Edition 28 — Adrian Romero, Illustrator

Knowledge Is The Key

Adrian Romero didn’t have a drawing portfolio, so he rapped.

In 2012, Adrian Romero was searching for a summer job when he came across Artists For Humanity through the Boston Youth Fund.

“When I looked at the job listing it seemed like a very cool job to be paid to make art and get…

Edition 27 — Nyviana Colon

A Ripple Effect

Colon pictured as an adult.

One day in class, Nyviana Colon observed the Tweety Bird printed on the front of her agenda book. Bored with the lesson at hand, she decided to try drawing it. Her sketch came out better than she’d expected — she’d discovered that…

Edition 26 — Lena Yee

A Second Home

A teenage Yee pictured at AFH.

When Lena Yee was little, her father asked her to draw pictures for him. In middle school, she experimented with graffiti and taught herself web design. And in 2009, as a sophomore at West Roxbury Academy, she learned that a nonprofit called…

Edition 25— Mattaya Fitts, Visual Artist and Muralist

Good Surprises

Mattaya Fitts can’t imagine herself not painting. (Photo by Ally Schmaling)

There’s a big misconception out there about artists: to create art is a decision they made, a chosen occupation. The truth is most artists don’t choose to make art for a living, they just can’t imagine themselves doing anything else.

Mattaya Fitts’…

Edition 24 — Théry Badin

A New Perspective

Badin pictured as a teen at AFH.

Coming from a strict Caribbean household as a first generation immigrant, 14 year old Théy Badin was a brilliant student. He excelled in subjects like math and science and took part in multiple extracurriculars including STEM camps in the summer and Certamen…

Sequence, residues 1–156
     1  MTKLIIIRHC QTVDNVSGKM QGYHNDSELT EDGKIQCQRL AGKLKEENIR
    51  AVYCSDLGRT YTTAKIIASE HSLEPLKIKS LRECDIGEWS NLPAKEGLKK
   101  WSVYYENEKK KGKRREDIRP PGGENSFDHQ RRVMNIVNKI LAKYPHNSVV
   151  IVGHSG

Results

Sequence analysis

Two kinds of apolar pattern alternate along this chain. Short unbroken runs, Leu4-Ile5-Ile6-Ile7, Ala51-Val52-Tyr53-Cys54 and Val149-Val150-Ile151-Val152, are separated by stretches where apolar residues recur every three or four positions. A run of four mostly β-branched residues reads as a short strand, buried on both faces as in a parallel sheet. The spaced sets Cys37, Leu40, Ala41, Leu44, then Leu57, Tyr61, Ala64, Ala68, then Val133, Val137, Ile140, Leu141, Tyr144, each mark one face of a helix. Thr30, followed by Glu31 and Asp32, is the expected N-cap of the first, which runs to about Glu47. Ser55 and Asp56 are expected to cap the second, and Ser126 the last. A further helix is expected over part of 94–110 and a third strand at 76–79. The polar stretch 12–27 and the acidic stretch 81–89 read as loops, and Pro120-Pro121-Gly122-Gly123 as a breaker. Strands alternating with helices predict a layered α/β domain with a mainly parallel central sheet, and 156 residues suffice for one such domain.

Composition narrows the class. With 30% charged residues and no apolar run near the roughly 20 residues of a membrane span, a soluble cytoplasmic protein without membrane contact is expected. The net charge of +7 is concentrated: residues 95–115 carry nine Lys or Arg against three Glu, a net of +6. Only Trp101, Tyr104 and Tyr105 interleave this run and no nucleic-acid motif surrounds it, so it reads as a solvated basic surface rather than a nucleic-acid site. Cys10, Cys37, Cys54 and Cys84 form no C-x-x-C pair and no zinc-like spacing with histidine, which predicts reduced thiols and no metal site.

Edition 23 — Stephanie Wu

A Collective Community

Wu pictured at AFH as an Exhibitions Intern.

While Stephanie Wu was drawing long before she’d ever heard of Artists For Humanity, AFH is where she first discovered what it means to have an artist community. Now, as a recent graduate of Rhode Island School of Design (RISD) with a…

Edition 22 — Amanda Pelrine

A ‘Worth It’ Job

A teenage Pelrine pictured at AFH.

At 16-years old, Amanda Pelrine was in search of an easy job and a quick paycheck. When her friends at Boston Latin Academy told her about AFH, she believed she’d found it. “It ended up being a lot more of an…

Edition 21—Stephen Cronin

A Family That Spreads

Of all things, t-shirts are what brought Stephen Cronin to Artists For Humanity’s doors.

Introduced to the program through a family friend who had previous children involved in the program, Cronin came to AFH in search of their Screen Printing Studio.

“I think…

Edition 20 — Aristotle Forrester

In Real Time

Forrester spends the day in his studio.

Aristotle Forrester has been surrounded by art all his life; his mother is a visual artist and he began painting in the first grade. “I was making paintings in school instead of learning how to do math,” he laughed.

Forrester grew up…

Edition 19 — Amy Zahlaway

The First Job I Loved

Amy Zahlaway talks about finding her professional confidence at AFH. (Photo by Patrice Vinci Salon)

Amy Zahlaway is a jack of all trades. She earned a fair share of job experience at Artists For Humanity: first as a teen videographer, then an assistant film mentor, and finally, a recruitment coordinator. Later she worked in communications at the Lewis Family Foundation…

Artists For Humanity

CREATIVE JOBS FOR CREATIVE TEENS

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